Building MITx MOOCs: A Surprising Path to Faculty Professional Development

Concurrent Session 2

Session Materials

Brief Abstract

This session will tell the story of MITx, the MOOC division of MIT Open Learning, and how many participating MIT faculty began to identify the making of MITx MOOCS as an important professional development opportunity. With the help of the MITx Staff, faculty learned the following:

  • Researched the effectiveness of their assessment activites;
  • Interacted with students in forums;
  • And received support with copyright, media production and the technical aspects of the edX platform.

Sponsored By

Presenters

Lindsey Weeramuni is the Manager of Intellectual Property for MIT's Office of Digital Learning, overseeing and executing copyright policy for MIT OpenCourseWare and MITx. MIT OpenCourseWare (OCW) is a web-based publication of virtually all MIT's course content available under a Creative Commons Attribution, Non-Commercial, Share Alike license. OCW is open and available to the world and is a permanent MIT activity, accessible with no registration required (http://ocw.mit.edu/). MITx creates open online courses (MOOCs) that are offered to learners worldwide on the edX platform (https://www.edx.org/school/mitx). Weeramuni is a librarian and was the project director for the Code of Best Practices in Fair Use for OpenCourseWare (http://www.cmsimpact.org/ocw), a document produced by a committee of practitioners of OpenCourseWare in the U.S.

Extended Abstract

This session will tell the story of MITx, the massive open online course (MOOC) division of MIT Open Learning. The mission and goals of MITx are three-fold:

  1. Provide free, scalable, highly rigorous, cutting edge, and intellectually challenging courses to academically talented learners worldwide via MITx
  2. In collaboration with Residential MITx, support and direct the use of digital learning tools and techniques on the MIT campus
  3. Assess, promote, and disseminate best practices in emerging digital and scalable learning environments

Since the offering of a MOOC entitled “Circuits and Electronics” on edX in 2012, MITx has

  • 366 course runs (new and rerun)
  • 3.1 million unique users
  • 6.7 million cumulative course registrations
  • 229,000 certificates awarded
  • Learners from almost every country in the world (75% outside of the US)

In the midst of all this activity, a surprising thing happened: participating MIT faculty began to identify the making of MITx MOOCS as an important professional development opportunity.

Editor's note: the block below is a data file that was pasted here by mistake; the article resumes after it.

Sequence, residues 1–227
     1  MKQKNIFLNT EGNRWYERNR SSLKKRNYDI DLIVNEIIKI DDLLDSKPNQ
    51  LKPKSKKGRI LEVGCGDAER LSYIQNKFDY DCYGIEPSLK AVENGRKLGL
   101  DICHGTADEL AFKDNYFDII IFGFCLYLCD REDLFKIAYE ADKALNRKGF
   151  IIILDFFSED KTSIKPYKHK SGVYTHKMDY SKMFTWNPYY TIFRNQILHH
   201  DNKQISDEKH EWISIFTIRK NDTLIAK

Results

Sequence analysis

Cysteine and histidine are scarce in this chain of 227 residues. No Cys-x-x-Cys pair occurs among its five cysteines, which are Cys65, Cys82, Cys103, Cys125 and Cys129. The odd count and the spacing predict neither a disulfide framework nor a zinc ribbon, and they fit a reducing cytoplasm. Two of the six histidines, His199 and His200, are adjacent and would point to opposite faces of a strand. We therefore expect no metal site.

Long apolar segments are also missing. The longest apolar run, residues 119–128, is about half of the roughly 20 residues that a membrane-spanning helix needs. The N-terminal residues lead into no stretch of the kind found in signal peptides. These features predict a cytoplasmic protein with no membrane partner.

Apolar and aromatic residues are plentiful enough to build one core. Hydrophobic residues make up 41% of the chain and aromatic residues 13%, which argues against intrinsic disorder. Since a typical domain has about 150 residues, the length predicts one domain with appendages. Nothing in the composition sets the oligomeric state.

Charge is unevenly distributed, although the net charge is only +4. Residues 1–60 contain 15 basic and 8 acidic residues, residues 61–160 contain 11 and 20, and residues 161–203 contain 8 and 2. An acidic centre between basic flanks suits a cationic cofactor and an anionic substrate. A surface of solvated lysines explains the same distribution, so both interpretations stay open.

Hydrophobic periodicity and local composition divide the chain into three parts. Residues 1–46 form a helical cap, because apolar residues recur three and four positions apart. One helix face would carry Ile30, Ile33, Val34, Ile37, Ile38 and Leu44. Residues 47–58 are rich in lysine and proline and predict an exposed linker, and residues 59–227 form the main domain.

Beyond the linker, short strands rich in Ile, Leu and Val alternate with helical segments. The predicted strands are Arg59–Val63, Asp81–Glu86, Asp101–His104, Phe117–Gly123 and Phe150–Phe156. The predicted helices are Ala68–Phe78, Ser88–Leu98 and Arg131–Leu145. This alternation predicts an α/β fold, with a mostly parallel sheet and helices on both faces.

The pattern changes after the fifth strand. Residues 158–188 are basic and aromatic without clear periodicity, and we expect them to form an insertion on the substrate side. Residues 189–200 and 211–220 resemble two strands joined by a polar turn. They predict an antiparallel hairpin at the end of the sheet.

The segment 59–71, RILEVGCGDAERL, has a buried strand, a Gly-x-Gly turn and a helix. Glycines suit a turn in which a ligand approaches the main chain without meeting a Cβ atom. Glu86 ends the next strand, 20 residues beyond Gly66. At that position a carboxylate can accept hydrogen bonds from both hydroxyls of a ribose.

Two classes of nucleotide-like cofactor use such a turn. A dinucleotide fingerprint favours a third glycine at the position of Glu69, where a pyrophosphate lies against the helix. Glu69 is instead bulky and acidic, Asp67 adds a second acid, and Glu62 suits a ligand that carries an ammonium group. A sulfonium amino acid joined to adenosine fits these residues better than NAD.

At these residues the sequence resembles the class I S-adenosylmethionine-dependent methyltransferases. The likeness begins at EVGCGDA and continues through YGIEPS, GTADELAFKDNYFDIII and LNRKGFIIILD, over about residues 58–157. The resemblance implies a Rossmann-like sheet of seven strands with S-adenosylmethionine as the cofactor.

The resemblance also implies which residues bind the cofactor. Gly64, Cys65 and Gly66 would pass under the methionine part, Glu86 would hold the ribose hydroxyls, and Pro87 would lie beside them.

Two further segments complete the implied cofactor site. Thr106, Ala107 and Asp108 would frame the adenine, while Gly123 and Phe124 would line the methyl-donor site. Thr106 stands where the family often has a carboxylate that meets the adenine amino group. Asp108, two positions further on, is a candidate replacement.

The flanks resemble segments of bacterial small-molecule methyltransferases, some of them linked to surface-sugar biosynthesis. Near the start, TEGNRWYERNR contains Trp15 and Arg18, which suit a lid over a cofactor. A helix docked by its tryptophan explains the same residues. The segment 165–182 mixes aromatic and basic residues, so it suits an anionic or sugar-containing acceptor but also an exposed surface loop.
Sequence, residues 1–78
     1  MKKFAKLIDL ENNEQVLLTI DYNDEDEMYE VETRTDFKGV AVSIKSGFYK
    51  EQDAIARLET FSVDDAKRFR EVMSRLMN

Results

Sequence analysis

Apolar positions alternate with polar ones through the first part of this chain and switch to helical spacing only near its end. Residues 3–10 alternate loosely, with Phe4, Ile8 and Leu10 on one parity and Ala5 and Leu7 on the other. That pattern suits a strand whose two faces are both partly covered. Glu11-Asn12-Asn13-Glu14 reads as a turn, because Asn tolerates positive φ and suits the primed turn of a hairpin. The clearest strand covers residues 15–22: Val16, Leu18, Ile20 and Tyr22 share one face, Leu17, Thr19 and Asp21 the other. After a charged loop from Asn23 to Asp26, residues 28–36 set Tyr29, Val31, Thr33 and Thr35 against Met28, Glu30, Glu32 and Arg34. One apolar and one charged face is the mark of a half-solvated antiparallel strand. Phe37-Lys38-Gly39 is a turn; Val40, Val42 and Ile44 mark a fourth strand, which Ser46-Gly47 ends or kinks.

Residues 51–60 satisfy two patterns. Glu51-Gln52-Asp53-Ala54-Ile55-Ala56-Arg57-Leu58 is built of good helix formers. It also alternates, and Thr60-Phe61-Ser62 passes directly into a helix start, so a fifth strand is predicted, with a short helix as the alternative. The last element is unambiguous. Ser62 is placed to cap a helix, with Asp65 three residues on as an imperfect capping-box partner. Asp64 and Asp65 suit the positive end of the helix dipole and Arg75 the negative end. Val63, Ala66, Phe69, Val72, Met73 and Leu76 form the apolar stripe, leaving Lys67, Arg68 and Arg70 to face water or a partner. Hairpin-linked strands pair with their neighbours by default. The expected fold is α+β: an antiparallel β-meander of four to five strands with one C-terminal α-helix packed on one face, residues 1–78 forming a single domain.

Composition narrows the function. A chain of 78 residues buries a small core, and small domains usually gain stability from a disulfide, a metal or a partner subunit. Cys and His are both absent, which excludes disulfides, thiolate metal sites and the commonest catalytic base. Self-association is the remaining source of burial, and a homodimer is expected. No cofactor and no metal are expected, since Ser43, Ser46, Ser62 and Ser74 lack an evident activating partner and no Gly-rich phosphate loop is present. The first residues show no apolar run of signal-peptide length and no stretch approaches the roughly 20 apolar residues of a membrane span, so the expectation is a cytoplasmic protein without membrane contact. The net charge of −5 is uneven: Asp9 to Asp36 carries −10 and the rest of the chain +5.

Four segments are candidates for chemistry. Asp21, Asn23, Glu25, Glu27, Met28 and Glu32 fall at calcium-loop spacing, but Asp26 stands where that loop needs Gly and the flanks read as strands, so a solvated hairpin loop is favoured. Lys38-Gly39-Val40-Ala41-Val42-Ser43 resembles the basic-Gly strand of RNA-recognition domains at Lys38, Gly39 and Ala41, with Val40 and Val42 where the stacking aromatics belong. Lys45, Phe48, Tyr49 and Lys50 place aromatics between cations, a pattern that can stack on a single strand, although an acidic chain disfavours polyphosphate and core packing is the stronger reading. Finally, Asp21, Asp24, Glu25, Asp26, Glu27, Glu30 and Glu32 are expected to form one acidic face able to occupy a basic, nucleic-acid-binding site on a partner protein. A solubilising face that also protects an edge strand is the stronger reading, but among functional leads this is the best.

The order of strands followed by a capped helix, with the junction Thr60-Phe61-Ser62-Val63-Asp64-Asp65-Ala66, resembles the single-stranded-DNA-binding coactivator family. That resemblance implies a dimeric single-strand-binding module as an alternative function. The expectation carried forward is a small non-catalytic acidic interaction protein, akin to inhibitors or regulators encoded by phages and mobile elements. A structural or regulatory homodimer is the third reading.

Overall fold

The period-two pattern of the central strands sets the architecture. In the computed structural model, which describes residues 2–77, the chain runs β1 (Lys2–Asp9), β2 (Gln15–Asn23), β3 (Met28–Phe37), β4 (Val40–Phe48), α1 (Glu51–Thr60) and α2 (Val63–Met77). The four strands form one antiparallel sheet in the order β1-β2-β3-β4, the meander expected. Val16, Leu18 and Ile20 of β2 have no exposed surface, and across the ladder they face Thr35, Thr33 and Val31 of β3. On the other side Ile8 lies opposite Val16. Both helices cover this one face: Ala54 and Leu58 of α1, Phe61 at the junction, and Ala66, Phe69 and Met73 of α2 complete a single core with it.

This presentation will tell the story of how faculty use MOOC development via the MITx support model to improve their teaching practices and resources. They were surprised to learn the different work required to move from classroom lecture to the online space. They were pleased to realize that it resulted in continuous improvement of their instructor experience. They were grateful to be able to organize their content in an innovative way. Some created entirely new courses from scratch just for their MOOC in order to try exploring novel materials. In what was an innovation for her, one professor took the blended learning approach and used her MOOC to “flip” her classes, assigning her video lectures while the students did labs during class time. Whatever the reason, academic departments see this as an important part of their instructors’ professional development strategy and the MITx support team’s work is the same for all of them.

Attendees of this session will learn how MITx team members support faculty throughout the process. In addition to a team of subject matter experts hand-picked by the faculty, they have the full support of the MITx production support team. It is staffed by a group of 19 people in the Office of Digital Learning within MIT Open Learning. They are the following:

  • project managers and educational technologists who ensure quality course design,
  • an Accessibility Manager to incorporate universal design (UDL) from start to finish,
  • a media team that enables the creation of the faculty’s vision of professional educational video assets that enhance learner engagement,
  • copyright experts who train and support each course team on how to clear permissions, adjudicate fair use claims, and search for open license substitutions.

The beneficiaries of this support model are the duo of residential MIT students and learners from around the globe. Many MIT students use these courses to bolster their understanding of classes in which they are enrolled. Learners outside of MIT send feedback saying things like a course helped them with an exam, or they’re just a “perpetual self-learner!”

MITx solicits proposals that leverage the edX platform for global and residential audiences in support of the digital learning strategies of MIT schools and departments. One of the example questions in the Call for Proposals is “What research-based learning and teaching practices will you experiment with in this project and how will student learning be measured?” This affords the faculty to assess the effectiveness of their instruction with the full support of the MITx team to enhance the course construction.

The session will conclude with a discussion about how we move systematically into the building of student facing learning experiences to research, develop and measure faculty members’ approaches to teaching. A question and answer period will close the session.